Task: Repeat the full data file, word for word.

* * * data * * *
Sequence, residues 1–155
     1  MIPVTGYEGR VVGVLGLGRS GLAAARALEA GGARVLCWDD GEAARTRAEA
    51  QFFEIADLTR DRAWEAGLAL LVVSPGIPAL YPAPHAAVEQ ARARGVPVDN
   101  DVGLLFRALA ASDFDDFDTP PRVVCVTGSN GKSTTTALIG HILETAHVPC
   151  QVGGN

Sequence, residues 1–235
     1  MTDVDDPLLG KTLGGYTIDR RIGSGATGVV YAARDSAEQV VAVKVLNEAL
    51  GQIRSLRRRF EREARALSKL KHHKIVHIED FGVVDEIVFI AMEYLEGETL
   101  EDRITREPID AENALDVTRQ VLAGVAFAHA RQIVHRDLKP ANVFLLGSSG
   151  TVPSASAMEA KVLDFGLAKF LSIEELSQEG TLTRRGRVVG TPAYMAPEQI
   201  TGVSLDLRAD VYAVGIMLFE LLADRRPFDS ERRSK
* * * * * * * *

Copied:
Sequence, residues 1–155
     1  MIPVTGYEGR VVGVLGLGRS GLAAARALEA GGARVLCWDD GEAARTRAEA
    51  QFFEIADLTR DRAWEAGLAL LVVSPGIPAL YPAPHAAVEQ ARARGVPVDN
   101  DVGLLFRALA ASDFDDFDTP PRVVCVTGSN GKSTTTALIG HILETAHVPC
   151  QVGGN

Sequence, residues 1–235
     1  MTDVDDPLLG KTLGGYTIDR RIGSGATGVV YAARDSAEQV VAVKVLNEAL
    51  GQIRSLRRRF EREARALSKL KHHKIVHIED FGVVDEIVFI AMEYLEGETL
   101  EDRITREPID AENALDVTRQ VLAGVAFAHA RQIVHRDLKP ANVFLLGSSG
   151  TVPSASAMEA KVLDFGLAKF LSIEELSQEG TLTRRGRVVG TPAYMAPEQI
   201  TGVSLDLRAD VYAVGIMLFE LLADRRPFDS ERRSK